From the Viewsroom

Normalising mental well-being

PT Jyothi Datta | Updated on September 03, 2020 Published on September 03, 2020

Bring mental health out of the closet, but sensitively

Prime-time discussions on television talking about suicide should have signalled a change for the better, in the sense that mental health was coming out of the closet.

It should have been a huge leap to help de-stigmatise living with depression, understanding the bipolar condition or planning support centres where people can reach out, when they needed counselling.

Instead, what was witnessed in the tragic death of Sushant Singh Rajput was the lack of empathy with which the entire issue was handled. Personal insecurities and prescriptions of psychiatric medicines of the young actor have become public knowledge and fodder for many gossip channels that operate in the social media space, throwing all caution and confidentiality to the wind.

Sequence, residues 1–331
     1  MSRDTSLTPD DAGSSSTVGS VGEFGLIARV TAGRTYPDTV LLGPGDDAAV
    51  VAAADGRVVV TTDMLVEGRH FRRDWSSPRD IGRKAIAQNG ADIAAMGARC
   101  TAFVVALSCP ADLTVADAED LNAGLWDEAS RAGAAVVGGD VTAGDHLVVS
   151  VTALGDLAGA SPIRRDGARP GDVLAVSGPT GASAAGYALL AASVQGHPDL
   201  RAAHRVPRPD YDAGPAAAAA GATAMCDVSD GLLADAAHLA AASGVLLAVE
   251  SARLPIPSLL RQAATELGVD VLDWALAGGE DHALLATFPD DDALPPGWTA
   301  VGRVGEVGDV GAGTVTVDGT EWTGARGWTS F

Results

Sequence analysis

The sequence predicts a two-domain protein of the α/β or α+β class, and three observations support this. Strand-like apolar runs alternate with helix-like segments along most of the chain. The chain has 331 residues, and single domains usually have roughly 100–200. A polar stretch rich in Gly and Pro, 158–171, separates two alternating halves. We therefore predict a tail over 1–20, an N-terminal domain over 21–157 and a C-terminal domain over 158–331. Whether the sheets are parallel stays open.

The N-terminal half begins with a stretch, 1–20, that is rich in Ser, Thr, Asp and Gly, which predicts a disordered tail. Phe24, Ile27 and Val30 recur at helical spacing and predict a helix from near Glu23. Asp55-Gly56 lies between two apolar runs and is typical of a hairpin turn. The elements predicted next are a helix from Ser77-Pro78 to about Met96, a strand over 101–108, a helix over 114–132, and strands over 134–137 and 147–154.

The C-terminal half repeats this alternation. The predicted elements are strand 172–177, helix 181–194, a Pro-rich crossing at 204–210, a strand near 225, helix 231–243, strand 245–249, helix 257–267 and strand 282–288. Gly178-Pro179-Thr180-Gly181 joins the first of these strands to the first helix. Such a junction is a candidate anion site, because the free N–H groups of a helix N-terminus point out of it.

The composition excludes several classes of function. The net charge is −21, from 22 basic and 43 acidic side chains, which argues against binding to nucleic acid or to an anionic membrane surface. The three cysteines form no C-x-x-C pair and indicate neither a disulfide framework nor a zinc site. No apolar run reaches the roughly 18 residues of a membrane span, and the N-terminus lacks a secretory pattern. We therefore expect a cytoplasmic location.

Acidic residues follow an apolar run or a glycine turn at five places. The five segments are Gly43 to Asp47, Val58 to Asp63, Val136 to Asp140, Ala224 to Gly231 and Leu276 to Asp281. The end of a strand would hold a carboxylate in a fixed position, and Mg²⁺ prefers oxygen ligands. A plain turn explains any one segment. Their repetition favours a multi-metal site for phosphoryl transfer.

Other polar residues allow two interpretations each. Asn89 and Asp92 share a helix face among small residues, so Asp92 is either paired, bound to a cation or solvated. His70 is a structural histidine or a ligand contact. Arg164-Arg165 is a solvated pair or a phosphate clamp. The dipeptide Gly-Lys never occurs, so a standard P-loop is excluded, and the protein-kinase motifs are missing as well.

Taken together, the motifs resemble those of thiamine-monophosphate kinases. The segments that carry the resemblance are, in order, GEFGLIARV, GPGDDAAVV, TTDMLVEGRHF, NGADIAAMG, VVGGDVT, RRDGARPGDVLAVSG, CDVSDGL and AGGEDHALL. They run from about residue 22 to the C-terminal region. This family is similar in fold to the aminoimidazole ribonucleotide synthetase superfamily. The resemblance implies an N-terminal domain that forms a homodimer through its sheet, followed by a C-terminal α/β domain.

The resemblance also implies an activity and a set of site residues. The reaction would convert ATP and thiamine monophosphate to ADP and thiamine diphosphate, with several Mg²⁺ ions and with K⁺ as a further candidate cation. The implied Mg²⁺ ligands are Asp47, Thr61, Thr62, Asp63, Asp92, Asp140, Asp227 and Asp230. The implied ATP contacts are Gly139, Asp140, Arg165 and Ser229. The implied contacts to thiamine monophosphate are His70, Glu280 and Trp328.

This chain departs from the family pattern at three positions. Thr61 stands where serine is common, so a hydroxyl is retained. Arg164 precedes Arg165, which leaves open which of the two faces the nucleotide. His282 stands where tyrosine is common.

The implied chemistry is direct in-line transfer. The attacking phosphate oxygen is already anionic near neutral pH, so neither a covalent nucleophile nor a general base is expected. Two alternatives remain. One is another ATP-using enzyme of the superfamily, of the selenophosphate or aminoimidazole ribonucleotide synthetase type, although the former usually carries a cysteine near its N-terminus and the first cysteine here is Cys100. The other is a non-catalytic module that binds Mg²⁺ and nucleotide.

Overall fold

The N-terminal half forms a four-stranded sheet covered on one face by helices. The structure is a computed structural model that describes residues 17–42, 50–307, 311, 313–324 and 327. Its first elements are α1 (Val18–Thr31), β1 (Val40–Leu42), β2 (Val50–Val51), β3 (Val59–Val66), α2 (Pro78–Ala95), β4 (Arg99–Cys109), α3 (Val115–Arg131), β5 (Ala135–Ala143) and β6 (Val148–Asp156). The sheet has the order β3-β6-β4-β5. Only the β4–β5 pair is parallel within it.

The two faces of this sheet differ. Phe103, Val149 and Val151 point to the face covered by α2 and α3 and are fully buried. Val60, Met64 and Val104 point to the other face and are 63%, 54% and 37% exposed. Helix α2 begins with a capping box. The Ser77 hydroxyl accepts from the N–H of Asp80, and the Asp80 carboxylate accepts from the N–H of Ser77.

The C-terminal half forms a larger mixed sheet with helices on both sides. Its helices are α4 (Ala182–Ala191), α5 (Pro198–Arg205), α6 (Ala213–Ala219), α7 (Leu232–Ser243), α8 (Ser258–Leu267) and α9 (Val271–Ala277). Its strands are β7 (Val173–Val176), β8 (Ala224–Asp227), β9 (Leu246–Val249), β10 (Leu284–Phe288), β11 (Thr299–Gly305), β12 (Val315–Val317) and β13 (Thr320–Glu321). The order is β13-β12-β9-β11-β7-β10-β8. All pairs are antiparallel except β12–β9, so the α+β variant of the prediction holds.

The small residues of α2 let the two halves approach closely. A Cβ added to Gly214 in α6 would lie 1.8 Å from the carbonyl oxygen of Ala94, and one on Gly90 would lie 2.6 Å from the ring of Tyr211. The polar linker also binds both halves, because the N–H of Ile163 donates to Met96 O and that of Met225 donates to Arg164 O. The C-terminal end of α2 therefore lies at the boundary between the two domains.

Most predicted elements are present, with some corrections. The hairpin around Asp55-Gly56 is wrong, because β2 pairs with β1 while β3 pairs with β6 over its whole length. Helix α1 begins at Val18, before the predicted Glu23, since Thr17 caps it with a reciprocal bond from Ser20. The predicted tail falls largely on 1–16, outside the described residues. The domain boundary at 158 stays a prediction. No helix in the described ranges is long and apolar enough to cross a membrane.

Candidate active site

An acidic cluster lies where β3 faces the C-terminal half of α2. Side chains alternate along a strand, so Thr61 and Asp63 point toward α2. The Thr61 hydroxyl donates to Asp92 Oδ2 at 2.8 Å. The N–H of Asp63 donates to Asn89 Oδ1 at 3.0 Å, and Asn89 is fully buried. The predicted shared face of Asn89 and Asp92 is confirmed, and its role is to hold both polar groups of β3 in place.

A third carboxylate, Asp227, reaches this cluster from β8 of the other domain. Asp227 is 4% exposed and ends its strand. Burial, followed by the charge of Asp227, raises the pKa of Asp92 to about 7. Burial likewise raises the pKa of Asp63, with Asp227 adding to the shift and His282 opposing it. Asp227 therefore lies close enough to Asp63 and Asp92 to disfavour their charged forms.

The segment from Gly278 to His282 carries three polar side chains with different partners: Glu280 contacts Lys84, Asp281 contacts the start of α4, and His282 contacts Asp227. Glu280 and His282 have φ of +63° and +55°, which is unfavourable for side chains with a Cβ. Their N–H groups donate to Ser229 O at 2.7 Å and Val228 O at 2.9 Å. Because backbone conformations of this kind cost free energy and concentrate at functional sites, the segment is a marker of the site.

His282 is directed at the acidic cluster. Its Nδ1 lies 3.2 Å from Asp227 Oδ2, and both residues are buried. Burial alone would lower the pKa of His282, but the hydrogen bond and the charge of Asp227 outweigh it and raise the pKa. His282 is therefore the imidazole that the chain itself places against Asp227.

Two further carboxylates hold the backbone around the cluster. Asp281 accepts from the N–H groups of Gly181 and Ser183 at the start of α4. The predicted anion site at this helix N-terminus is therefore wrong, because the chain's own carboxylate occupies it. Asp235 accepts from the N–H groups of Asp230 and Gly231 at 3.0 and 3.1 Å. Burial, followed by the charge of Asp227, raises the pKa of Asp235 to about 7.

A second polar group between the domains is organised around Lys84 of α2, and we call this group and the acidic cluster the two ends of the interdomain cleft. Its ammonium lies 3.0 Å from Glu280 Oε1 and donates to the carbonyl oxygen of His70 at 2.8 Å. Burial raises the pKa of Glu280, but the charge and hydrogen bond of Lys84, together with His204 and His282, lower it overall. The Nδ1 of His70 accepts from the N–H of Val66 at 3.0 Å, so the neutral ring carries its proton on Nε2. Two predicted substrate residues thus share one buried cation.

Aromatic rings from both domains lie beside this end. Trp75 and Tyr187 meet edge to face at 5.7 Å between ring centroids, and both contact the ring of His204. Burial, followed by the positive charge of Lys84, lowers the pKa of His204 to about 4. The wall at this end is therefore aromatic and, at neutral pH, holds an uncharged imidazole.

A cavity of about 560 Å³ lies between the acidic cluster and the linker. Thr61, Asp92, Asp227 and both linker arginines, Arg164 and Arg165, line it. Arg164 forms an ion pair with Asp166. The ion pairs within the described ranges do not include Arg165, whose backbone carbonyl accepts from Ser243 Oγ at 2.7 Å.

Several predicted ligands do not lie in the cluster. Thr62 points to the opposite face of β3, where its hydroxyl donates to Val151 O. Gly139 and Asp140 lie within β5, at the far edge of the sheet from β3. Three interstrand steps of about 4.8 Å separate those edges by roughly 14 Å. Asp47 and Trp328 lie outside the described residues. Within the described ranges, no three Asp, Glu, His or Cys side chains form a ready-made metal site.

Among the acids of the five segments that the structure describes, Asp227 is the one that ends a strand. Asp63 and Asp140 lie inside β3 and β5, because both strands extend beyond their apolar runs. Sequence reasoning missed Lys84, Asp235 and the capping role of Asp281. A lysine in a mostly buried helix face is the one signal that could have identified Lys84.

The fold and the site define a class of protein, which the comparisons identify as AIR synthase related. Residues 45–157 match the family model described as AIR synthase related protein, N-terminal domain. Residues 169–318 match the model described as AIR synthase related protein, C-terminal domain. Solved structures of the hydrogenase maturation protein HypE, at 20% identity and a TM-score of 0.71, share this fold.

While the jury is out on the mysterious circumstances leading to the actor’s death, the chilling statistic from the World Health Organization is that one person dies every 40 seconds by suicide. And for each suicide, there are more than 20 suicide attempts.

Mental health is one of the most neglected areas of public health. Close to one billion people are living with a mental disorder, says the WHO. And Covid-19 has only further affected people’s mental health.

Mumbai-based helplines recount difficult instances of people reaching out for help. And the age group ranges from the elderly person worried about a younger family-member’s earning prospects in the time of a pandemic, to that of migrants calling from villages, worried about future employment in the city.

The government, too, has taken steps to try and destigmatise mental health by calling for an insurance cover, for instance. But there’s still much ground to cover to make people comfortable in getting their medicines reimbursed in such conditions or talking to a counsellor. The need clearly is for a lot more support and sensitivity in handling mental health issues, including suicide. Especially so, since it is not just an individual, but the entire family that gets affected, and for life.

PT Jyothi Datta Deputy Editor

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Published on September 03, 2020
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